Catalyst for Payment Reform

Specialty Pharmacy


Specialty Pharmacy

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What Is Specialty Pharmacy?

Specialty pharmacy medications are high-cost injectable, infused, oral, or inhaled medications that generally require some supervision and monitoring of the patient’s therapy by a clinician. While there is no standard definition, specialty drugs generally treat chronic, complex, and/or rare conditions, are high cost (usually more than $600 per month), require special storage, handling, and administration sites, and involve a great deal of patient and provider education, monitoring, and management.


Why Should Employers and Other Health Care Purchasers Care About It?

Specialty pharmacy is the fastest growing sector of pharmacy spending today with a projected growth rate of 17 percent[1] and spending is expected to double in the next five years.[2]  In the last 20 years, the number of specialty pharmaceuticals available has increased from 10 to more than 900.[3] Although only 1-2 percent of prescriptions are for specialty drugs, they account for approximately 20 percent of total pharmacy spending.[4]  In 2012 alone, employers paid $87 billion for specialty pharmaceuticals, comprising 25 percent of total drug spending.[5] These costs are anticipated to grow and account for at least 50 percent of drug spending nationwide by 2019.[6] The development of many new specialty drugs are underway, mostly in the area of oncology.

This looming challenge will be difficult to overcome due to several factors including intricate drug pricing and contract negotiation, a multi-level specialty pharmacy supply chain, and complexities surrounding attributing a specialty drug to either the medical or pharmacy benefit.


What Are the Latest Trends in Specialty Pharmacy?

 Recent pharmacy trends in the media focus on relatively “old” inexpensive drugs that are increasing in price by exorbitant amounts.  However, specialty drugs are different in that there are often few, if any, alternatives—allowing manufacturers to command high prices.  Additionally, there are insidious incentives and other practices that get in the way of free market dynamics.  These practices include: patent exclusivity, lack of options for “tiering” (there are few if any therapeutic alternatives), “evergreening” (making slight modifications to the drug to keep a patent exclusive), adding indications, high prices, and lack of price regulation.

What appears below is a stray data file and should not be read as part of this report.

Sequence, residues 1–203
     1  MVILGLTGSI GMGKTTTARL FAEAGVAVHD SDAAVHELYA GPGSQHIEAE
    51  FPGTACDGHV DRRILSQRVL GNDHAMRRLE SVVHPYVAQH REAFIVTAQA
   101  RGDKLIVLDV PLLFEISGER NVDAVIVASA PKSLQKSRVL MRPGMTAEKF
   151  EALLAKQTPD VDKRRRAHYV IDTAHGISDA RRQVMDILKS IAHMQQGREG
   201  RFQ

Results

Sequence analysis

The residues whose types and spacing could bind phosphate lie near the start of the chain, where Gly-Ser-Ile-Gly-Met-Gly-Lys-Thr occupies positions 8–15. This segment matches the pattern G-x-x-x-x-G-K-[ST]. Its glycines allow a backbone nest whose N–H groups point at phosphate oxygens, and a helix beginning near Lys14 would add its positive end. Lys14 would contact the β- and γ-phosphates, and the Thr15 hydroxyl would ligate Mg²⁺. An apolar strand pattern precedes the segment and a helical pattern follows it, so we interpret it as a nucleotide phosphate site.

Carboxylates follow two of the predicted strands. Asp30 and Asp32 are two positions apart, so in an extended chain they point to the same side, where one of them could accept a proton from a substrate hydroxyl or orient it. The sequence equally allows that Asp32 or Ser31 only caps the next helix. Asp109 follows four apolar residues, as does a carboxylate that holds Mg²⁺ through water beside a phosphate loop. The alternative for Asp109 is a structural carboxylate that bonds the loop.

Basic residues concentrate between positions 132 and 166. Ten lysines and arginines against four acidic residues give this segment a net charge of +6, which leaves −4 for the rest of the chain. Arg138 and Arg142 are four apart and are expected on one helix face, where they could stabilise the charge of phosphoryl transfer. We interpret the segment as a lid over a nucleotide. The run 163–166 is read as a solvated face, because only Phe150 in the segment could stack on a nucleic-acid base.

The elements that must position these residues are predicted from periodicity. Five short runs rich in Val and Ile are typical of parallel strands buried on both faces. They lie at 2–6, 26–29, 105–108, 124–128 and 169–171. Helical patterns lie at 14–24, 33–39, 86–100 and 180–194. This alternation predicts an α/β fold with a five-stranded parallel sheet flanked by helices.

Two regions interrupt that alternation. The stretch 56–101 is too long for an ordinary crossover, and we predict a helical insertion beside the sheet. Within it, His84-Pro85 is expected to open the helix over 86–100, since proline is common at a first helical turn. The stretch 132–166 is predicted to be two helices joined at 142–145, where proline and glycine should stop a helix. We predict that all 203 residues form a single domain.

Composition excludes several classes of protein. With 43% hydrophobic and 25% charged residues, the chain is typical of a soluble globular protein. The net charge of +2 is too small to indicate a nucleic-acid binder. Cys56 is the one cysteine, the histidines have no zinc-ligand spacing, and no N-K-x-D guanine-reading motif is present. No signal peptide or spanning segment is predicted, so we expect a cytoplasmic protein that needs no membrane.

Employers and other purchasers can use a variety of strategies to address specialty pharmacy issues, such as: data analysis, strategic formularies, medical carve-outs, prior authorization, step therapy, and appropriate site-of-care administration.


How Can Purchasers Apply a High Value Specialty Pharmacy Strategy?

 Purchasers can work with their health plan, third party administrator or pharmacy benefit manager (PBM) to implement a variety of payment methods to align incentives and allow access to life-saving drugs while improving health outcomes and ensuring they are administered appropriately.  In addition to the strategies listed above, purchasers should work with their pharmacy partners to adopt specialty pharmacy-specific payment reform strategies such as: bundled payments, bundled payments paired with reference pricing, capitation payments that include pharmacy, shared savings and shared risk payments that include pharmacy, incentive payments, non-payment policies, and outcomes-based contracting with the provider and/or manufacturer.


Want to learn more? Check out these additional resources!




[2] 2015 Willis Towers Watson/NBGH Best Practices in Health Care Employer Survey


[4] 2015 Willis Towers Watson/NBGH Best Practices in Health Care Employer Survey



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